The initial concept for the game came from playing Street Fighter Alpha 3’s Dramatic Battle mode with friends (essentially two-player co-op against an A.I.. I remember how fun it was to do a combo and have the other player cover your gaps, or bail you out when you were under attack. I wanted to give players the opportunity to pull off stylish combos with minimal effort, but in a brawler setting with loads of enemies and sense of progression.
A lot of inspiration was drawn from the Guilty Gear Fighting Game franchise, which is known for its fast combat, and brawlers like Alien vs Predator and Battle Circuit gave me insight into which mechanics work best in that genre.
Development for Shattered Realms started about two and a half years ago. I decided to build a few separate prototypes in order to test specific elements (state machine, hitboxes, slow motion and so on), and then take what I’d learned and create a combined prototype. The first bare bones prototype looked like this:
I proceeded to add a liberal dose of programmer graphics, and eventually it started to look a little more like a game. It had all the basic elements: combos, juggles and a Style Gauge (reminiscent of the one found in Devil May Cry), as well as plenty of hit stun. I posted the prototype on the local game dev forums for feedback and got a really good response. It was through my makegamessa.com posting that I started collaborating with Dawid Strauss, a fellow fighting game enthusiast and artist at Free Lives, who had previously worked on Broforce. We found we had a shared vision, and we proceeded to refine the core concepts and mechanics of the game together.
Which Mechanics to borrow
ShatteredRealms features a mix of brawler and fighting game mechanics. We wanted to create the feeling of power one gets from pulling off a big combo in a fighting game, but in a brawler setting, with more enemies and more opportunities for chaos. Choosing which mechanics to take from either genre was our biggest initial priority.
Firstly, we wanted to completely remove the execution barrier by making moves as simple as possible. Special moves are done by holding up or down and pressing an attack button. The more complicated moves require you to double tap a direction and press a button.
Blocking was one of the mechanics we chose not to take from fighting games, as blocking could often lead to enemies swarming you and keeping you in a constant block stun. Also, being defensive slowed down the pace of combat, which we wanted to avoid where possible.
However, we needed to give players options to get out of trouble, which is where we took inspiration from Guilty Gear’s mechanics. Using hitstun deterioration, air and ground recovery, quick rise, burst and roman cancels, we were able to give players the tools to recover from a disadvantaged state. This meant we could balance upwards, as these tools prevented any strategy from becoming overpowered.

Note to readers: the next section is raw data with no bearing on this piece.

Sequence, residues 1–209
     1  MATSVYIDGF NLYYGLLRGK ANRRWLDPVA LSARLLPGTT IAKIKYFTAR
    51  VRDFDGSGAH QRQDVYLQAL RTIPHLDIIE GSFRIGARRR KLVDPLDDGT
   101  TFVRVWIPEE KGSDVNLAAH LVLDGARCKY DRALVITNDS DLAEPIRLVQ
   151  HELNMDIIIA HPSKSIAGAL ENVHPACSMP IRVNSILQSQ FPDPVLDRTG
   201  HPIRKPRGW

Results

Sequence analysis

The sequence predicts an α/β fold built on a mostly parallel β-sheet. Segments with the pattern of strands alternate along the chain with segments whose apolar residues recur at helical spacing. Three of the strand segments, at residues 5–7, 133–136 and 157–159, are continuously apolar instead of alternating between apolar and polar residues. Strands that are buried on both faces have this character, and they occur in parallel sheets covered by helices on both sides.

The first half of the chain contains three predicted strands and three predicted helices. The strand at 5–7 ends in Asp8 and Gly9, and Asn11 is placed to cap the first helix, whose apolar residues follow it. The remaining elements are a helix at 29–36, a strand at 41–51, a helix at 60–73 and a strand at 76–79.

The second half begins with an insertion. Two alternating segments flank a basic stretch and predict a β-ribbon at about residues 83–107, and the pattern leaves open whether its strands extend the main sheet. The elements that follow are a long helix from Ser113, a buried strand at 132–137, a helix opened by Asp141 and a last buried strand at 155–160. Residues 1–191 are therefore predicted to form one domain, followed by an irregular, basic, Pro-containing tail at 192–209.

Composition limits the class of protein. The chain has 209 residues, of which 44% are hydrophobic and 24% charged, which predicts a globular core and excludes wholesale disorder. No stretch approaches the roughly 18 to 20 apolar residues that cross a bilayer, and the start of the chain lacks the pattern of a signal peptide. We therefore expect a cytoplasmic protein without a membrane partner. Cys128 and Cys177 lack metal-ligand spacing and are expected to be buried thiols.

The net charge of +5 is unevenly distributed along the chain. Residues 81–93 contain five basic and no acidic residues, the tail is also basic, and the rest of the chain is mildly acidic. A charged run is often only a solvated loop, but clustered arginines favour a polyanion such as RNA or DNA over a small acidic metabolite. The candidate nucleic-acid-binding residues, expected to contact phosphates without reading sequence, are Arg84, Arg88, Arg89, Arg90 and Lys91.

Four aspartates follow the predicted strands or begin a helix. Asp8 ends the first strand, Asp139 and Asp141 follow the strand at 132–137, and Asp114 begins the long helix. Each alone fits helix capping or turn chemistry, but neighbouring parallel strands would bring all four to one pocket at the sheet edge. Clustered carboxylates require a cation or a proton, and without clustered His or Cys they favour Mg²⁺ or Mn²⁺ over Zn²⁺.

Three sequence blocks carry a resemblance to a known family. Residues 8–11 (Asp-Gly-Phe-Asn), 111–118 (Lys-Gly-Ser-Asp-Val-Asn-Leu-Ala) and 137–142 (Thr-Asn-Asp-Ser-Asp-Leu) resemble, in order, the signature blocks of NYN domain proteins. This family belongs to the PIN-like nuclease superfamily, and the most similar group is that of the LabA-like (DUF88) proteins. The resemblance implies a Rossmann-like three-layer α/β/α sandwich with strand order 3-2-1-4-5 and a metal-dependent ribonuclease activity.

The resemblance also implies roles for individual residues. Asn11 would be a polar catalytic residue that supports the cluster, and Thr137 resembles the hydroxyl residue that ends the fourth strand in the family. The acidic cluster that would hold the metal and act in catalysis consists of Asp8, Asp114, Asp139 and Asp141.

We also thought long about whether to include parries in the game (and we’ll probably never stop wondering) but we found replacing it with dodge (or backdash) gave the same benefits when used offensively, and had a much lower execution barrier.
And then there were the staples from both genres, like EX moves (powered up versions of regular moves) and super moves, which integrated naturally with what we were making.
The Pre-Alpha Build
For the Pre-Alpha build, Dawid worked his fingers to the bone creating placeholder art during his spare time. Deon van Heerden, who did the music for Broforce, also got involved and produced some great music for the stages and boss fight.
When we finally had something people could play, we launched the Pre-Alpha on itch.io to a very receptive audience. The response to the feel of the combat, as well as the challenging boss fight, was overwhelmingly positive.
One of our local Fighting Game Community (FGC) members, Sigma, created a video showcasing some of the potential offered by the combo system.
The Road to the Vertical Slice
A few months after the pre-alpha's itch.io launch, we were approached by Free Lives, who saw potential in our prototype, and felt that it was something that needed to exist. They offered to incubate the development of a vertical slice to help produce high quality art and audio. This would then be used to help test whether there was a broader audience for our game.
Thanks to their support we were able to hire a full-time art team. The first person to join the team was the incredibly talented artist, Malcolm Wope, who redesigned the world of Shattered Realms from the ground up, and gave us a redesign of Lynx that blew our minds.